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Figure 6. Pipeline support in lower slide zone. The anchoring of the entire pipeline was accomplished by tying the I-beam into the base of a new manhole at the top of the slope, and tying the pipe itself to the I-beam. The tie to the new manhole used reinforcing steel laid into the concrete base of the manhole, and extending through holes drilled into the I-beam. Overall freeze protection was accomplished with a urethane foam insulating layer protected by a metal jacket (See Figure 7).

Figure 7. Detail of pipeline insulation

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5.

Construction and Commissioning of Pipeline

The design, and regulatory review of the late summer slide necessitated that the project be scheduled for winter construction in order to replace the pipeline as soon as possible. Consideration was given to postponing the construction until the following summer; however this was ultimately rejected because of the unknown performance of the temporary discharge during the very cold midwinter temperatures, and the availability of the emergency funding from the territorial government. It was recognized that the above ground configuration of the replacement pipeline would accommodate winter construction. The insulated HDPE pipe was pre-purchased by the Town in order to advance the construction schedule as much as possible. The construction work was undertaken by a local contractor, and proceeded slowly, but steadily over the course of the winter. The most significant construction issue was the connection of the HDPE pipe on site. HDPE pipe is manufactured in discrete lengths and connected on site using butt fusions technology (heating and connecting of pipe ends). Problems were encountered with the butt fusion machinery, therefore the contractor elected to use electro fusion technology (couplers that adhere to pipe end using internal heat coils). The strength and flexibility of the pipe system was put to the test in the spring of 2005 with an exceptionally high spring runoff in the Slave River, which pushed the pipe 20 to 30 metres downstream. This occurred before the placement of the outlet anchoring system for the pipeline. The pipe length remained intact without any serious damage, and was pulled back into position and anchored. The pipeline was commissioned in June of 2005. The total cost of the pipeline replacement (engineering and construction) was approximately $400,000. 6.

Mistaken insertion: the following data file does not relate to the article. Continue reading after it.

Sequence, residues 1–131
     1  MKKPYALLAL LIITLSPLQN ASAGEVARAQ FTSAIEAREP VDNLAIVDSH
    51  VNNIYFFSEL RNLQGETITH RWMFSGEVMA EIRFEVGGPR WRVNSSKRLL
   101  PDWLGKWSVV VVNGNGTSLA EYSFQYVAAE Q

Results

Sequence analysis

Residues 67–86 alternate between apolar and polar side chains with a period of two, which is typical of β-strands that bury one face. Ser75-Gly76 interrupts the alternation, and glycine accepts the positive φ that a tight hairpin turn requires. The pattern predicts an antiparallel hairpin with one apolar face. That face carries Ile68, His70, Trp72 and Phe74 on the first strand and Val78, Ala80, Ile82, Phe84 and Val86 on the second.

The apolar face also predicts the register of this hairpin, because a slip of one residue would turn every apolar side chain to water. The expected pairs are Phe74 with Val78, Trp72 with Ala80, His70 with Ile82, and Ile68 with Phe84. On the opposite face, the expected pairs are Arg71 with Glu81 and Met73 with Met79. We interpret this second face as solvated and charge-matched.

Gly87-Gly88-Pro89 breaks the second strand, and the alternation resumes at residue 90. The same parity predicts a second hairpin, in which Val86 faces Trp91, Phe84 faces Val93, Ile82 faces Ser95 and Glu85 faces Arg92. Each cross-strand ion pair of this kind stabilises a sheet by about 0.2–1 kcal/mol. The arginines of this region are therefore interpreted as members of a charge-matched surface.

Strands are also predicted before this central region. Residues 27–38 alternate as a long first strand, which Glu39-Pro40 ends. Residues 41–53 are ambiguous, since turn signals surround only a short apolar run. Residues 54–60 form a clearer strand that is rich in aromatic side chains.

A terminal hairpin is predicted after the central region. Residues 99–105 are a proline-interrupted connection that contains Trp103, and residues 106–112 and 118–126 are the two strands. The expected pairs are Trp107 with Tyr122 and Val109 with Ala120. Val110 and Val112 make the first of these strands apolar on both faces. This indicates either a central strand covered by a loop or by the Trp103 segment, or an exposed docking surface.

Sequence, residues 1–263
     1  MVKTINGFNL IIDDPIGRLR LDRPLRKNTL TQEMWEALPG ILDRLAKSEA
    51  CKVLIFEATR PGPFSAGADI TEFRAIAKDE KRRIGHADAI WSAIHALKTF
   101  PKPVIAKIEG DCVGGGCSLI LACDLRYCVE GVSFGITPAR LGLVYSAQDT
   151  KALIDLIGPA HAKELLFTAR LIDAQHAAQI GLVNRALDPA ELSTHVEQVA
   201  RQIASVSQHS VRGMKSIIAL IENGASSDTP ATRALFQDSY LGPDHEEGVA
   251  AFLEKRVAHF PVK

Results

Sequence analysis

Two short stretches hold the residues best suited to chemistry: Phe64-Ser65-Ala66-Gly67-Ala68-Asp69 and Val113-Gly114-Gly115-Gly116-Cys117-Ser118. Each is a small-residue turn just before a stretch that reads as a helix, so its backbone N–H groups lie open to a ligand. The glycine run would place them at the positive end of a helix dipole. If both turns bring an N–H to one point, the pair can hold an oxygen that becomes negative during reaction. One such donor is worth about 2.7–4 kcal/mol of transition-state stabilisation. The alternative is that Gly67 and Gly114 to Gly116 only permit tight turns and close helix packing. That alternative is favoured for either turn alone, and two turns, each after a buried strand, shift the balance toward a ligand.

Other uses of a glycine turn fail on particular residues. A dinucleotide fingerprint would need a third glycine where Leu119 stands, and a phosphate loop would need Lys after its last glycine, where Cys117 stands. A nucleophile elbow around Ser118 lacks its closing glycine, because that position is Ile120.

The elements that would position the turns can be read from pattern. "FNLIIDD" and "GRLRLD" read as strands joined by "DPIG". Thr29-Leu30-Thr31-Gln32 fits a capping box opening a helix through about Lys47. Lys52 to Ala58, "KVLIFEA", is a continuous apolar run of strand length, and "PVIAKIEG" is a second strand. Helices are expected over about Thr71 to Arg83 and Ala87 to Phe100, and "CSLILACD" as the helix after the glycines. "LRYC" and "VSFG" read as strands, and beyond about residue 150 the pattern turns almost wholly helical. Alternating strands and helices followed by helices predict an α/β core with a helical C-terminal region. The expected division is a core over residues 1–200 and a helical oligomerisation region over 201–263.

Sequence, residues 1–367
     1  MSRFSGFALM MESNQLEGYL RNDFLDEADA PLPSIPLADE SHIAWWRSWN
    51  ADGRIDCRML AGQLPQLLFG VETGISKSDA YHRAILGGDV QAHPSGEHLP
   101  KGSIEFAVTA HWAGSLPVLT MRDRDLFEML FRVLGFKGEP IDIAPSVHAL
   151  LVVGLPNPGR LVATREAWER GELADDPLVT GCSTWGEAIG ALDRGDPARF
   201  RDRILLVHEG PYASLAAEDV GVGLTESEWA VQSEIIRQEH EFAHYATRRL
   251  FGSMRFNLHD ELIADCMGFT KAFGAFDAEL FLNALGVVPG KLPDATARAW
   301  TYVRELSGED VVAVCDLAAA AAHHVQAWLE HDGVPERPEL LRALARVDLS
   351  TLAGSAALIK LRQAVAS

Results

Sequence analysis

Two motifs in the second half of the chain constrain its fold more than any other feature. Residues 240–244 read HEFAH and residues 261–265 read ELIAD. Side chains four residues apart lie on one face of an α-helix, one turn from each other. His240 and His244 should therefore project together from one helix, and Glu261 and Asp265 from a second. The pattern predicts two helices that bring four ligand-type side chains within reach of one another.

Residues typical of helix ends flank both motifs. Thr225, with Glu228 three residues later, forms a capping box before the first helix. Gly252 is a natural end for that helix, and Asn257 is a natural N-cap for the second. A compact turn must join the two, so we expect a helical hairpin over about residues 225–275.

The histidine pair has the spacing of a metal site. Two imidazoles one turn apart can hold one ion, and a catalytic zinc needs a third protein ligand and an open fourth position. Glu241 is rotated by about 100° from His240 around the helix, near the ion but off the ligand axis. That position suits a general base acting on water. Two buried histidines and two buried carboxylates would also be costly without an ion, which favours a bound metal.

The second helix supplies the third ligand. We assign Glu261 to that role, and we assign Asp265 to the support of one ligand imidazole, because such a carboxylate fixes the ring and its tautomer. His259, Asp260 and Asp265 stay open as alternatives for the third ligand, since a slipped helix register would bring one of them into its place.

Conclusions

The design of the project was based upon the experience of the geotechnical consultant, the design engineers, and the operating staff of the Town of Fort Smith. This combination of experience has provided the Town with a very robust and timely solution to this catastrophic event. Winter construction of civil related projects in the far north is generally expensive because of extreme temperatures and darkness that will significantly reduce working efficiencies. Frozen ground may also make excavation expensive and time consuming. This particular project was successfully executed during the winter because the majority of the construction was above ground, and the limited excavation was completed in very dry sandy soil. 7.

References

AMEC Earth and Environmental. 2004. Geotechnical Evaluation of Fort Smith Sewage Discharge Landslide. AMEC Earth and Environmental. 2004. Preliminary Engineering Evaluation of Fort Smith Sewage Discharge Landslide. Earth Tech Canada. 2004. Detailed Design Submission for Replacement of Sewage Discharge Pipeline.

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Design of Sewage Lagoon Discharge Pipeline in Landslide Area Near Fort Smith, NWT  

Design of a new sewage lagoon discharge pipeline in landslide area accommodating future movement of river bank.

Design of Sewage Lagoon Discharge Pipeline in Landslide Area Near Fort Smith, NWT  

Design of a new sewage lagoon discharge pipeline in landslide area accommodating future movement of river bank.